The Large Hadron Collider (LHC) is already the most powerful particle accelerator out there, but it's about to get even more impressive.
Officials at the European Organisation for Nuclear Research (CERN) just upgraded a crucial part of one of the LHC's four experiments, and you can watch engineers open up the giant 'atom smasher' and tinker with its insides below.
The upgrade, which has been compared to a heart transplant, was made to the Compact Muon Solenoid (CMS) experiment, which was key to confirming the existence of the Higgs boson particle back in 2012.
Thanks to the change, the CMS now has a new pixel detector - a camera right at the heart of the detector that's used to track particles as they fly through experiment at close to the speed of light - and it should be even more sensitive to new physics than before.
You can watch the Facebook live discussion on the upgrade below:
The LHC is a 27-km-long (17-mile) tunnel that lies beneath the Swiss-French border. Its job is to accelerate beams of particles travelling in opposite directions to near the speed of light and smash them into each other, so that scientists can peer into the resulting debris for signs of new physics and elusive subatomic particles.
But many people don't realise that the LHC isn't just one experiment - it's made up of different detectors that record the outcomes of these particle collisions, and one of the largest is the CMS experiment.
The CMS experiment is as tall as a four-storey apartment building, and as long as a pair of school buses.
The pixel tracker camera at the heart of the experiment is designed to reconstruct the paths of particles and subatomic particles that emerge from the atom collisions, and the new one is capable of recording around 120 million pixels at 40 million frames per second - almost twice as precise as the previous model.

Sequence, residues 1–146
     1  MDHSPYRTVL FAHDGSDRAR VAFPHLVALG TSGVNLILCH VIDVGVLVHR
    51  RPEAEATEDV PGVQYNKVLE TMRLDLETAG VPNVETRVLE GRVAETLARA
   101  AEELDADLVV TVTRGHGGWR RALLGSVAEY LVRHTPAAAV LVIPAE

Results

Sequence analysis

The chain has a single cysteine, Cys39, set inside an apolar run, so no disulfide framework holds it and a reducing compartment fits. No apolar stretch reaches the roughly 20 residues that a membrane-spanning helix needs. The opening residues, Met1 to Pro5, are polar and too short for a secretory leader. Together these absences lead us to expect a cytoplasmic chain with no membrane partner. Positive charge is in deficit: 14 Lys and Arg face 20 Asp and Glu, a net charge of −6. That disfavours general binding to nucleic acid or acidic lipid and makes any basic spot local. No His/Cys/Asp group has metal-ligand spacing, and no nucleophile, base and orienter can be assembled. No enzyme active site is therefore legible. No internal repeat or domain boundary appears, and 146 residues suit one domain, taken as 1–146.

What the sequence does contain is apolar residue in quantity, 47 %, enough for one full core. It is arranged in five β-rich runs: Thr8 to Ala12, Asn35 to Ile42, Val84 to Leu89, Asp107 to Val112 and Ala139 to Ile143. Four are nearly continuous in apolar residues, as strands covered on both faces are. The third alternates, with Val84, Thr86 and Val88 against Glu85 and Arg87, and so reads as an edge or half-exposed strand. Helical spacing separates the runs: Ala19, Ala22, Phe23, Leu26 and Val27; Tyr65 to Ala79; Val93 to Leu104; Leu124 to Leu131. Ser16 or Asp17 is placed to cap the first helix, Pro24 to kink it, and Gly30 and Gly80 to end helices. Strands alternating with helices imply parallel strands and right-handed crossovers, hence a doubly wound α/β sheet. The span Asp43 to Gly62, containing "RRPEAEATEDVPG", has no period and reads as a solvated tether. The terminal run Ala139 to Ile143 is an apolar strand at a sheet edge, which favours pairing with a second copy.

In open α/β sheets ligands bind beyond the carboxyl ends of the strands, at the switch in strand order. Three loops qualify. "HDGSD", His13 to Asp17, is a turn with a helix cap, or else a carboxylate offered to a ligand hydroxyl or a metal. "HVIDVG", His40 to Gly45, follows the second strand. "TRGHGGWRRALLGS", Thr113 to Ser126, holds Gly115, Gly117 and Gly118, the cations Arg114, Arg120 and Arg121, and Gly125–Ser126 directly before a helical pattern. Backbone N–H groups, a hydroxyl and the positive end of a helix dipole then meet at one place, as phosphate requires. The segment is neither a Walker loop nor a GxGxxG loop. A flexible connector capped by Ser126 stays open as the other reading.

"It's like substituting a 66 megapixel camera with a 124 megapixel camera," Austin Ball, technical co-ordinator for the CMS experiment, told Paul Rincon from BBC News.
You can see more footage of the transplant happening below, and it provides some pretty gorgeous and unique views of the experiment:
"The heart of the CMS experiment is the pixel detector, the innermost instrument in the very heart of the CMS apparatus, the very point where new particles, such as the Higgs boson, are produced by the energy of the proton proton collisions of the LHC accelerator," CERN explained in a press release.
The hope is that with this new US$17 million part, the CMS experiment will be capable of detecting particles that are now lost to us, and could help LHC staff solve some outstanding mysteries, such as supersymmetry or dark matter.
The operation started around Christmas, when the LHC is turned off each year during winter. The first half of the detector was installed on Tuesday, February 28, with the final touches made on Thursday, March 2.
The CMS will now undergo several rounds of testing before the LHC is switched on again on May 1.
"Now the big work starts," Ball told Ryan F. Mandelbaum from Gizmodo. "Connecting this thing up, commissioning it and making sure we can do physics with it."
The upgrade comes after the LHC hit new record-high energies back in 2015, and fits into the goal of making sure the machine is capable of keeping up with the questions physicists are asking.
"We have to make sure that our detectors can keep up with what's being thrown at them... we're trying to access rarer processes, and to do that you need to produce and record more collisions between protons," Ball told Rincon.
"Very often, only slight deviations from theoretical predictions are the clues to new things we should be looking for."
No word yet on whether the CMS might now be powerful enough to spot the potential presence of ghosts.